Even if we utilize a language with reflection capability, do we still have an underlying problem with different levels of "mathematical truth" as indicated by the question of whether 3+4 equals 7?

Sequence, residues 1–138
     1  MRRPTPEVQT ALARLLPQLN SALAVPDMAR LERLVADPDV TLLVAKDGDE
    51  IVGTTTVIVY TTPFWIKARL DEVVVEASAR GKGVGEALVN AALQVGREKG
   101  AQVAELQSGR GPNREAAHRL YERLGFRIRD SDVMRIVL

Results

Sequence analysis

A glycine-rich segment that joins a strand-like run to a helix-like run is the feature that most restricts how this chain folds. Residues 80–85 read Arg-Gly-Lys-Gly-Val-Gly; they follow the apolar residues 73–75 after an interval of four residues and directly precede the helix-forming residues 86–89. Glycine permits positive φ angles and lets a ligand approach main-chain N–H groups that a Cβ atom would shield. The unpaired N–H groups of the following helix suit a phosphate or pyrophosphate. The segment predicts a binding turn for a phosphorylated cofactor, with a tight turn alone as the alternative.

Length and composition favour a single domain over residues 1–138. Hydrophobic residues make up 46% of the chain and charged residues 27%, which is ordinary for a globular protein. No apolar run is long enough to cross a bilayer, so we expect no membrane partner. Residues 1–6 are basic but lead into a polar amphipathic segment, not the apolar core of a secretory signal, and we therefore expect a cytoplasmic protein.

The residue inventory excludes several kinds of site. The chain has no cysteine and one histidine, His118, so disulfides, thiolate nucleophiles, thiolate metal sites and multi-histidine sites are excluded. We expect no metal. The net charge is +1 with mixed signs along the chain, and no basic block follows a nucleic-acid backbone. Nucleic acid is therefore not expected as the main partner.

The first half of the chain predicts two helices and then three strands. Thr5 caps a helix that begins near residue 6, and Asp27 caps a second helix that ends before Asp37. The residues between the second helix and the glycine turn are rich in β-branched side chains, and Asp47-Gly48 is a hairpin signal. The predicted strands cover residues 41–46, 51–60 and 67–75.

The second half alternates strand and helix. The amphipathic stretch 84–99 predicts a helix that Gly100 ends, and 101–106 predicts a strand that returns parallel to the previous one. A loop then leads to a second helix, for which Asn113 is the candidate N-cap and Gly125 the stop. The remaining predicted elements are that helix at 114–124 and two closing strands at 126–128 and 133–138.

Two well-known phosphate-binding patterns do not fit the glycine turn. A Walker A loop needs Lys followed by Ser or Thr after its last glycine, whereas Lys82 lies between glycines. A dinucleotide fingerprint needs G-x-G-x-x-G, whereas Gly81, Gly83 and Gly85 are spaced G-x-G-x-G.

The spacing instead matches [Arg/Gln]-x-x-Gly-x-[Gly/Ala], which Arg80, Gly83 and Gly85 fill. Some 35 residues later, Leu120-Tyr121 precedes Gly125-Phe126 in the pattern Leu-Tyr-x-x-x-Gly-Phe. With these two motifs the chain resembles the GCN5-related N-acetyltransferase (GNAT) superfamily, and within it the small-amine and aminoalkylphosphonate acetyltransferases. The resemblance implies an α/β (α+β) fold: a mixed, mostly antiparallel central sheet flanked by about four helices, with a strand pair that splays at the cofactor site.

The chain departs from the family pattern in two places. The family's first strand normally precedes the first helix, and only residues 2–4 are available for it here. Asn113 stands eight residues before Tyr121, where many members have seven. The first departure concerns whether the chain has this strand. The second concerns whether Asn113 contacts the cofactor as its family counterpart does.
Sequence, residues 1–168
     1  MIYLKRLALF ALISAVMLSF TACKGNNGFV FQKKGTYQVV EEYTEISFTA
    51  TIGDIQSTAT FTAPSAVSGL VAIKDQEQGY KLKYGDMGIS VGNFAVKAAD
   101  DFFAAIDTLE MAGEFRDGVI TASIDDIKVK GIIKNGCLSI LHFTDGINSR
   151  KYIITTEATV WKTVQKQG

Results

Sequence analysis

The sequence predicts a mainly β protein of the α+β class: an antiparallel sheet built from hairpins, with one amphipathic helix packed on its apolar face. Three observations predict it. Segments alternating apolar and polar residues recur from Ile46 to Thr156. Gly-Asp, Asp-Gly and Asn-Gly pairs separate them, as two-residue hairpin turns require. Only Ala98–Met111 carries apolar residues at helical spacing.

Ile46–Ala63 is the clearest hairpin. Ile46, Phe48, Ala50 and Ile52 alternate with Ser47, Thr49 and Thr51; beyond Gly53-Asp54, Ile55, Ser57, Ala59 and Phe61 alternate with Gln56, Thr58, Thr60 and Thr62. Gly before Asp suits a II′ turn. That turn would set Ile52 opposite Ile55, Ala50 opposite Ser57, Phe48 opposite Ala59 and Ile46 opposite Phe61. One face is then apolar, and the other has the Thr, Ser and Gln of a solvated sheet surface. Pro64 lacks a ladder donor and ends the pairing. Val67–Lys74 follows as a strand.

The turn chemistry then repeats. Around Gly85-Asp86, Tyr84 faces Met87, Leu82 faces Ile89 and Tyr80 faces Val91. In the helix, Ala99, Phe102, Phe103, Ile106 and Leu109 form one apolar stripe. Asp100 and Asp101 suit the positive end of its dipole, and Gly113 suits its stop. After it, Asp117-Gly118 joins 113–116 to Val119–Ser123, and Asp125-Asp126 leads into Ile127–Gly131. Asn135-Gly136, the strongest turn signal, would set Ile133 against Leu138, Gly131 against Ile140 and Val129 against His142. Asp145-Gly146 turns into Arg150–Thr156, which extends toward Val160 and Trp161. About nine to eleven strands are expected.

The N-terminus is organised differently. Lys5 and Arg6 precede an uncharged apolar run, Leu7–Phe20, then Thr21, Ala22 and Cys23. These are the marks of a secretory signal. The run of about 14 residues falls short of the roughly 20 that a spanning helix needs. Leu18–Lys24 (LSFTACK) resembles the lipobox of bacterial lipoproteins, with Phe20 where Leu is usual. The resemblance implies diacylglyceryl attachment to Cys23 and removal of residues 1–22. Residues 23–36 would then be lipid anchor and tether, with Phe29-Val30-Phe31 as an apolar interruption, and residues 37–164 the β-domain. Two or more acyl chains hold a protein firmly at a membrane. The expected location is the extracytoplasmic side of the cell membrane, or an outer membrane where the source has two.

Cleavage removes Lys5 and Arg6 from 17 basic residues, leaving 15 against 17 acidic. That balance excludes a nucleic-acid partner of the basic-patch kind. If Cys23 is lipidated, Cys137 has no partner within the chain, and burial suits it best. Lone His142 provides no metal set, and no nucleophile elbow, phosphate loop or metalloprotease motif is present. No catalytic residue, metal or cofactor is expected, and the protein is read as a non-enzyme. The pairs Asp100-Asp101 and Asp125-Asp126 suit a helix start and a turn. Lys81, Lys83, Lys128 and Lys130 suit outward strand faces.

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When an expression contains a sub-expression, don't we expect to be able to replace that sub-expression by an equivalent one? But deciding whether two expressions are equivalent depends on a particular perspective of mathematical truth. Btw I thought Smalltalk was weakly typed (can throw a message at any object regardless of type) - David > -----Original Message----- > From: Bruno Marchal [mailto:[EMAIL PROTECTED] > Sent: Tuesday, 20 January 2004 6:44 PM > To: [EMAIL PROTECTED] > Subject: Re: Are conscious beings always fallible? > > I agree with you. Actually you can use the second recursion theorem > of Kleene to collapse all the orders. This is easier in an untyped > programming language like (pure) LISP than in a typed language, > although some typed language have a primitive for handling untyped > self-reference, like the primitive SELF in Smalltalk ... > > Bruno > > > > At 23:29 19/01/04 -0800, Eric Hawthorne wrote: > >How would they ever know that I wonder? > >"Well let's see. I'm conscious and I'm not fallible. Therefore...." ;-) > > > >David Barrett-Lennard wrote: > > > >>I'm wondering whether the following demonstrates that a computer that > can > >>only generate "thoughts" which are sentences derivable from some > underlying > >>axioms (and therefore can only generate "true" thoughts) is unable to > think. > >> > >>This is based on the fact that a formal system can't understand > sentences > >>written down within that formal system (forgive me if I've worded this > >>badly). > >> > >>Somehow we would need to support free parameters within quoted > expressions. > >>Eg to specify the rule > >> > >> It is a good idea to simplify "x+0" to "x" > >> > >>It is not clear that language reflection can be supported in a > completely > >>general way. If it can, does this eliminate the need for a meta- > language? > >>How does this relate to the claim above? > >> > >>- David > >> > >I don't see the problem with representing logical meta-language, and > >meta-metalanguage... etc if necessary > >in a computer. It's a bit tricky to get the semantics to work out > >correctly, I think, but there's nothing > >"extra-computational" about doing higher-order theorem proving. > > > >http://www.cl.cam.ac.uk/Research/HVG/HOL/ > > > >This is an example of an interactive (i.e. partly human-steered) > >higher-order thereom prover. > >I think with enough work someone could get one of these kind of systems > >doing some useful higher-order > >logic reasoning on its own, for certain kinds of problem domains anyway. > > > >Eric